DoD’s Tricare retail pharmacy program contracts with a pharmacy benefit manager to reimburse retail pharmacies for drugs they procured through commercial channels and dispensed to Tricare beneficiaries. By regulation, the program mandates manufacturers of covered drugs provide rebates to DoD on these prescription transactions. DoD is not procuring dispensed drugs when it pays these pharmacy benefits. Further, legislation that subjected this pharmacy benefit program to the procurement ceiling price in 38 USC §8126 did not subject rebate transactions to procurement source limitations. Accordingly, VA has advised that rebates provided to the Tricare retail pharmacy program apply to covered drugs that are excluded from the FSS because of TAA rules.
 The VA relies on rulings and guidance of the U.S. Customs and Border Protection interpreting country of origin under section 304 of the Tariff Act of 1930, as amended, 19 U.S.C. §1304. Section 134.1(b) of Customs Regulations defines "country of origin" as: “the country of manufacture, production or growth of any article of foreign origin entering the United States. Further work or material added to an article in another country must effect a substantial transformation in order to render such other country the ‘country of origin’ within the meaning of this part.”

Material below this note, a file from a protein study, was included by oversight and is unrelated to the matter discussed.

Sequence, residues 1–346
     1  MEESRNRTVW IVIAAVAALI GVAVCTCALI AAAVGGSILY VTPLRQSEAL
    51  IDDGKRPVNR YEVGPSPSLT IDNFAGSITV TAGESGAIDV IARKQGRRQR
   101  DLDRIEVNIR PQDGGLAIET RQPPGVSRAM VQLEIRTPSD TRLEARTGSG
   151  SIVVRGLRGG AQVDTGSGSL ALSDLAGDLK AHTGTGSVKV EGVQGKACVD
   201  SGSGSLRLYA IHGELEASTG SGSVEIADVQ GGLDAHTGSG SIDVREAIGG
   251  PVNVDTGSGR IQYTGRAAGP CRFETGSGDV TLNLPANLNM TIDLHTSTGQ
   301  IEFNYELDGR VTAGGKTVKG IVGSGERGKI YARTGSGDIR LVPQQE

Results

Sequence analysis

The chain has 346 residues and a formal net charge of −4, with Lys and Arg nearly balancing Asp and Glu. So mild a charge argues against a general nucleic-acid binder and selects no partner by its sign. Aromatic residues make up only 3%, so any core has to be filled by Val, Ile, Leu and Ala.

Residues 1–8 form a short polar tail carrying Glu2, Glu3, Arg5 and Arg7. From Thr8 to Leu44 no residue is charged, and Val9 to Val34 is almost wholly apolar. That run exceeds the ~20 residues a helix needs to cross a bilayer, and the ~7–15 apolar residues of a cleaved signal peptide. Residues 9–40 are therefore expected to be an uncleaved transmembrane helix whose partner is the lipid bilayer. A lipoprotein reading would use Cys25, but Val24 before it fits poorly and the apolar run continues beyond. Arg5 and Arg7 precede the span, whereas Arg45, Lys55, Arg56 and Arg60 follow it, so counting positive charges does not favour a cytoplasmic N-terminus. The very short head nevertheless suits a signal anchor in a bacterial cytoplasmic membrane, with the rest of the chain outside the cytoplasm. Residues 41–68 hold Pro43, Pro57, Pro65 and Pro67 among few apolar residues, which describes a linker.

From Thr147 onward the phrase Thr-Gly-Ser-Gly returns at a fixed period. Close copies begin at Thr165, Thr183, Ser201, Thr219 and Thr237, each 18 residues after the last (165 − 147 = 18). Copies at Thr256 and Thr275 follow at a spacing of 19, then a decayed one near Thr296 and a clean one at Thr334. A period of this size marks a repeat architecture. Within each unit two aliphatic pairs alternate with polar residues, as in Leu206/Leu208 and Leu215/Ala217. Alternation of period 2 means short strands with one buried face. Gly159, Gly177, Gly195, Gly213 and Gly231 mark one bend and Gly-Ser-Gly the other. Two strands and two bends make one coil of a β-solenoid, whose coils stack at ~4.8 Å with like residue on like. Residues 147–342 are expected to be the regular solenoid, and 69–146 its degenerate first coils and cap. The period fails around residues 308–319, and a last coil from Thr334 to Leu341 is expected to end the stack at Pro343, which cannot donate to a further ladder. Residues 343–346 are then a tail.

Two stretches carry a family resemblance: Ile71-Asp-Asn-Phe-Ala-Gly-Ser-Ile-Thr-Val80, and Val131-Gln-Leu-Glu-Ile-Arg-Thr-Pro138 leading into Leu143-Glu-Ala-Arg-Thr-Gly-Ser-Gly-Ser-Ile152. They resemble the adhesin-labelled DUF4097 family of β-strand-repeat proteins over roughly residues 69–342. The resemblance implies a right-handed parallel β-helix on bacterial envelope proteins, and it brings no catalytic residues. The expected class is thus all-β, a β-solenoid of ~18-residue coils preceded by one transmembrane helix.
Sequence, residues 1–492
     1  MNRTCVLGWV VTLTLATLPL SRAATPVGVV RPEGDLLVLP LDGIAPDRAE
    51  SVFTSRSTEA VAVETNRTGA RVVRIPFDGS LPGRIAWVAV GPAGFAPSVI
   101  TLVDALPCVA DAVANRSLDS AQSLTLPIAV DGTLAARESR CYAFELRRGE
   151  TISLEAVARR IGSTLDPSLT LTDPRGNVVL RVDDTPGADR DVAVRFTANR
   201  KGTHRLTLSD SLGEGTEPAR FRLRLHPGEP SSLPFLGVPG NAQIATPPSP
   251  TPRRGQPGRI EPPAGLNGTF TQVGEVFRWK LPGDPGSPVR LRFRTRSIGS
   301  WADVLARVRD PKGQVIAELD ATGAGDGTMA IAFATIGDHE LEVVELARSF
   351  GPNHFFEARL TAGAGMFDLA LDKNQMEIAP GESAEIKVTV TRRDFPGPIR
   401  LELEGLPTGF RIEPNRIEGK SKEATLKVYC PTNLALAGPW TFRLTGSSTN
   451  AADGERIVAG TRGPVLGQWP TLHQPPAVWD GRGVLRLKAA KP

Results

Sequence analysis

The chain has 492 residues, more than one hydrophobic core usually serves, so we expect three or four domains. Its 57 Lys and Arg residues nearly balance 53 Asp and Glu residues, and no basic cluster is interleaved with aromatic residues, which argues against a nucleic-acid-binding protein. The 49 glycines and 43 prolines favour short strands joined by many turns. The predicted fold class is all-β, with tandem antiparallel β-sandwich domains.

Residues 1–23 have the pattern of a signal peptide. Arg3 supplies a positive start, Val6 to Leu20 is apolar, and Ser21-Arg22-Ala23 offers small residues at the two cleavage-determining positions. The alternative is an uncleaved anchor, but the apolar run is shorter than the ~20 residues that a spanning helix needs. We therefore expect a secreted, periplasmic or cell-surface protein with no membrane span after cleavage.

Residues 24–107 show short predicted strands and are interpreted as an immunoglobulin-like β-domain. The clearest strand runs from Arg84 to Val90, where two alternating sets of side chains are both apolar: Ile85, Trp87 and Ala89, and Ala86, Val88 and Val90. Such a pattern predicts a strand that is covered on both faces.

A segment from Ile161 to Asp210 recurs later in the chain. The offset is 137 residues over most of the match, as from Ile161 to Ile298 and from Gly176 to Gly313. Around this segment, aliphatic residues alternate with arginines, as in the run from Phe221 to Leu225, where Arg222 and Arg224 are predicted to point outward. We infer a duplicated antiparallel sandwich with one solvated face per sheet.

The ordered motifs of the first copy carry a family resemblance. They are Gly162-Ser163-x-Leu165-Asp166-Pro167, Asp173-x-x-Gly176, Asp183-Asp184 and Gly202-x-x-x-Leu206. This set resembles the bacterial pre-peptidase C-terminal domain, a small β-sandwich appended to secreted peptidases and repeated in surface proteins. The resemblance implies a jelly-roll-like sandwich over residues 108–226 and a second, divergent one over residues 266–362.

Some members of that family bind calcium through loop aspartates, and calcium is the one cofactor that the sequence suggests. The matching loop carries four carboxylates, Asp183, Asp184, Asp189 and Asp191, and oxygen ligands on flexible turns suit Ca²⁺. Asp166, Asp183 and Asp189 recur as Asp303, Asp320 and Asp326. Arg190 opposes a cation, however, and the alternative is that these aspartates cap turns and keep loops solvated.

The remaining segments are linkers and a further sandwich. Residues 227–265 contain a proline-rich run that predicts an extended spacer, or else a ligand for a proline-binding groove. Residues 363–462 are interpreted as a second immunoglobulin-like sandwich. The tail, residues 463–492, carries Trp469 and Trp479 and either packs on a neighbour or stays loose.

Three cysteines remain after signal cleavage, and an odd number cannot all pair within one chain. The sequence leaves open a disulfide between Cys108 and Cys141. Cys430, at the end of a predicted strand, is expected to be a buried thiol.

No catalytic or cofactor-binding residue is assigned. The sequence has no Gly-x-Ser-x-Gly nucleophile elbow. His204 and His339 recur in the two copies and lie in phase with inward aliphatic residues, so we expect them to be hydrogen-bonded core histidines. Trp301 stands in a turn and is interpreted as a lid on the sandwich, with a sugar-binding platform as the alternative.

See, e.g., Re: Country of Origin Marking for Lansoprazole, HQ 562889 (Jan. 21, 2004).
 Although DoD has a prime vendor contract covering pharmaceutical products, it does not currently maintain a Pharmaceutical DAPA.
 VA interprets the hierarchy in FAR Part 8 as requiring the agency to use national committed use contracts first to acquire drugs, then Schedule 65 contracts with BPAs, then Schedule 65 contracts without BPAs, then regionally awarded and locally awarded contracts for items not on national contracts or Schedule 65 contracts, then open market purchases. See VA Directive 7408.1 Appendix A (June 9, 2005).
 VA Directive 7408.1, Requesting Waivers from the Requirement to Use VA Federal Supply Schedules (June 9, 2005).
 FAR 13.202(2).
 See generally FAR Part 13.
 BPAs that are modifications to FSS contracts are subject to the terms and conditions of the FSS contracts.
 Hewlett-Packard Co., ASBCA No. 57940, 57491 (July 9, 2013).